The burning of Zozobra is a tradition in Santa Fe, New Mexico during the Fiesta weekend that takes place each year the weekend after Labor Day.

Zozobra started in 1924 when Will Shuster, a well-known artist in the Santa Fe area built a small man and lit him on fire during the Fiesta celebrations. "His inspiration for Zozobra came from the Holy Week celebrations of the Yaqui Indians of Mexico; an effigy of Judas, filled with firecrackers, was led around the village on a donkey and later burned." (Source: The word "Zozobra" is Spanish for "the gloomy one".

Burning Zozobra became an official part of the Fiestas in 1926; the burning of Zozobra is symbolic of letting all of your gloom and anxiety burn. Each year, people write their gloom on little pieces of paper, and much of it is used as stuffing for the giant monument.

In modern times, Zozobra stands over 50 feet tall, suspended from a metal framework. Each year, several thousand people pay to come see him burn. Using wires, Zozobra's arms move like a giant puppet. Before he begins to burn, he moans and groans and waves his arms menacingly.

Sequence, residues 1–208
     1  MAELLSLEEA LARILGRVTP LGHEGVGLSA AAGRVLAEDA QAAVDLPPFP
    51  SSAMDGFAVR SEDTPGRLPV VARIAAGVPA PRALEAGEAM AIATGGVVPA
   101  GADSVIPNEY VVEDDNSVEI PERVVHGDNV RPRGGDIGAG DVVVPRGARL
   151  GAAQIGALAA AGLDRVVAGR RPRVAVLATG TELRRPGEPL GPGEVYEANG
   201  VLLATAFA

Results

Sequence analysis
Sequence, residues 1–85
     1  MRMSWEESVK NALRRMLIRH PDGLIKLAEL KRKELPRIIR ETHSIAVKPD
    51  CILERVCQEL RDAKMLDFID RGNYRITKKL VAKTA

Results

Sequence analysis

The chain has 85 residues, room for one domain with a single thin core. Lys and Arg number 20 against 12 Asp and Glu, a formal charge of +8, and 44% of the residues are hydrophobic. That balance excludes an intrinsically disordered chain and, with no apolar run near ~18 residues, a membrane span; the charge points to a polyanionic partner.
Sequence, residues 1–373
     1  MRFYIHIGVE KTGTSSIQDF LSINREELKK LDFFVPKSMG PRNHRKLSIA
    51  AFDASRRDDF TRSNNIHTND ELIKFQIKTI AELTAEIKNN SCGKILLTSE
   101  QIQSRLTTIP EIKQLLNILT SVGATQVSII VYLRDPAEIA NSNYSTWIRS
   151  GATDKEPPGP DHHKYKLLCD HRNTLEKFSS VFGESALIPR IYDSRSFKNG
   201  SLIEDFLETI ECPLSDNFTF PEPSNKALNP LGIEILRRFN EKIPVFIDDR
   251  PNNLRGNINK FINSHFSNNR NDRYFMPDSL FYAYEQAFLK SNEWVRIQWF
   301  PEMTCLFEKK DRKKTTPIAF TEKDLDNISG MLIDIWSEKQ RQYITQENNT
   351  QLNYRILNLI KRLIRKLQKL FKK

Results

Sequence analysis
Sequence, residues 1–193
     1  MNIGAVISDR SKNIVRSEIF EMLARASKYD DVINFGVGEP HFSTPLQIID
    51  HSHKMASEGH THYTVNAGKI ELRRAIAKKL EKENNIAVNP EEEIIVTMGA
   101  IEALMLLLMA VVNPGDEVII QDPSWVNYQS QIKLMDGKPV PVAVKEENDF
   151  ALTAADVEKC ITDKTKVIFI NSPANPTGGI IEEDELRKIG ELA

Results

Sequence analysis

Zozobra is also a point of debate in the Santa Fe area. It is a major event among the population of the city, and many people get ragingly drunk during the celebration. Every year there are several fights, and occasionally people are killed. Many people, particularly the spiritualists who come to Santa Fe for the unique and New Age environment, think that Zozobra and perhaps all of Fiestas should be shut down. Also, at each Zozobra celebration, there are always radical Christian groups declaring the ritual Icon-worship, Devil worship, and Paganism.

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